Recently, a retail CEO who had been hanging boots after working for a long time asked for our advice on a successor plan there. His choice was the current CFO, who had been with them for several years and made a difference in the organization. However, he seems uneasy about working on the board, and several directors have pointed out this, he says. Is there a way to improve the EI issue on the board and take the position of CEO?

In our opinion, if the CFO builds a team that seems to work well with him, his emotional intelligence is less of an issue than his ability to align with the board. This is not uncommon. Dealing with the board of new or inexperienced CEOs has very complex dynamics. If the board is made up of retail and sales leaders, strong financial quants speak different languages ​​and can lead to higher EQ. According to the survey, 89% of C Suite executives believe that they are familiar with the “left brain” and are strong in balance sheet and number orientation. The overall board “EQ” can lean towards selling and instinctive types of the right brain.

In such cases, the current CEO will need to add emotional intelligence tutoring to his successor. Start by discussing mutual discomfort with the CFO openly and seek his views on the issue. He is also likely to feel this and has enough career to understand that he needs to stretch outside his comfort zone. Investigate if he finds it difficult to communicate with the board and if some members appear to be harder to read than others.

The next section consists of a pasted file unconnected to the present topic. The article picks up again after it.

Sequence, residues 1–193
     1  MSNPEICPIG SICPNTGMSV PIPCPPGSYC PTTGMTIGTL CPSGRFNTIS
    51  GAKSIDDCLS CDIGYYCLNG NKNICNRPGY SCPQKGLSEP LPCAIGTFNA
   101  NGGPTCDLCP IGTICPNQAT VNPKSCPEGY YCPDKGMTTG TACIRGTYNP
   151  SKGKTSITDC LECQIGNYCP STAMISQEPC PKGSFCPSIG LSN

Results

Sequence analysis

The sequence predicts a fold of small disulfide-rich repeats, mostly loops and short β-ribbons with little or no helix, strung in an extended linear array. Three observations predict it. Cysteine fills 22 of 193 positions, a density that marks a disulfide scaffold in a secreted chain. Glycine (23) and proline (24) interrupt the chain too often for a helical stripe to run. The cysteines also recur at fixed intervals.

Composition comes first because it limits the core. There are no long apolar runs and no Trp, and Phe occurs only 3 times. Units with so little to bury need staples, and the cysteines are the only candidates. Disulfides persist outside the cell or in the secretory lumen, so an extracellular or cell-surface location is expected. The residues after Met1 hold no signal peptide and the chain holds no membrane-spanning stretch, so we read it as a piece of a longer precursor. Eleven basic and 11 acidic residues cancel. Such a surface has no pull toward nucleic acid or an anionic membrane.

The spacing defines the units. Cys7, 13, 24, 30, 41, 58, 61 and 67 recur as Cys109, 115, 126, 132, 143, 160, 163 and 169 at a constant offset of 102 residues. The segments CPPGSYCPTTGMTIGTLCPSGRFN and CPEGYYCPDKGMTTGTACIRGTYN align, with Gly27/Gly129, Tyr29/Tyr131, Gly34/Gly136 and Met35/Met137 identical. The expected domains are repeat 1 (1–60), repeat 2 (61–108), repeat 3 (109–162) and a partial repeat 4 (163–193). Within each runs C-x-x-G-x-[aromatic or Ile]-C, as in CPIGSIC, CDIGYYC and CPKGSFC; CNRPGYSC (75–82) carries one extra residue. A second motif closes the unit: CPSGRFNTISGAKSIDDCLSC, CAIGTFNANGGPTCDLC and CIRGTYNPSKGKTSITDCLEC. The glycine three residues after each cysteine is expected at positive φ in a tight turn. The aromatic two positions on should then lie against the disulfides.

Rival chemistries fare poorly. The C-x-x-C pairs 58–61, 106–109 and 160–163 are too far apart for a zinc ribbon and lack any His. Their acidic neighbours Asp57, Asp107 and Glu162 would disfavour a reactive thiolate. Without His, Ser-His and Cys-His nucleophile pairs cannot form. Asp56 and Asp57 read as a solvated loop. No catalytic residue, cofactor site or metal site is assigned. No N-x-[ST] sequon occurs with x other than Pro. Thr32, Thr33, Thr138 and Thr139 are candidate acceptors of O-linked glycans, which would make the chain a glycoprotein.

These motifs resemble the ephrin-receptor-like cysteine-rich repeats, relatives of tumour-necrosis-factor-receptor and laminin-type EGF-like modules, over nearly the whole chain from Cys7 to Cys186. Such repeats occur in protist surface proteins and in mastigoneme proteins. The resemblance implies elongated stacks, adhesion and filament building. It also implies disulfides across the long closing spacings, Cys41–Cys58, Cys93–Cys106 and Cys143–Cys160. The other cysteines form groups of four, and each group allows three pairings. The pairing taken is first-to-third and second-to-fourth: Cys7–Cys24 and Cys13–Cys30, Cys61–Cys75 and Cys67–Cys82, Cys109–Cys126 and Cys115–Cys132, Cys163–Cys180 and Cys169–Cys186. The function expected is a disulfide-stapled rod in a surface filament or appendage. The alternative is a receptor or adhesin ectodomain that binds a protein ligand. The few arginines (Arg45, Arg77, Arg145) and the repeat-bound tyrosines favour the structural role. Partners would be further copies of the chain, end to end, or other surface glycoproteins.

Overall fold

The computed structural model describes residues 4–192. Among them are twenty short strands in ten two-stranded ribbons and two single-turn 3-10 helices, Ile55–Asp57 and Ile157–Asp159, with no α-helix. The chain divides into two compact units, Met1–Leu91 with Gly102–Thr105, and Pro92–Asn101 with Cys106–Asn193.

Board members often have little contact with C Suite executives except for board presentations. We will arrange informal briefings and discussions one-on-one, including the CFO for social events with the board, such as a dinner before the board. But board and committee meetings are also important. The CFO or internal CEO candidate should participate as much as possible in order to learn the interests, styles, and hot buttons of individual directors. Ask him to share his assessment of these and compare it to the current CEO’s understanding.

He also advised the CEO that if the chair of the audit committee works well with the CFO, he is the choice of successor, but may help build relationships with the board. .. The chair of the audit committee is also likely to focus on numbers and can be an effective relationship mentor for the CFO.

To conclude this, present more CFOs to the board and committees to exercise EQ strength and measure communication progress. Encourage him to share his insights and opinions, as well as the discussion of numbers. This is the skill required by the CEO of the work. Seek feedback from the board about his approach. His “performance” from them should show steady improvement, both for ease of communication and empathy, and for both the value and completeness of the information.

Ralph is a global board advisor, coach and publisher. Dr. M Muneer is a co-founder of the non-profit Medici Institute and a stakeholder in Rezonent Corp.

https://gulfbusiness.com/heres-why-a-ceo-candidate-must-have-better-board-emotional-intelligence/ That’s why CEO candidates must have a better “board EQ.”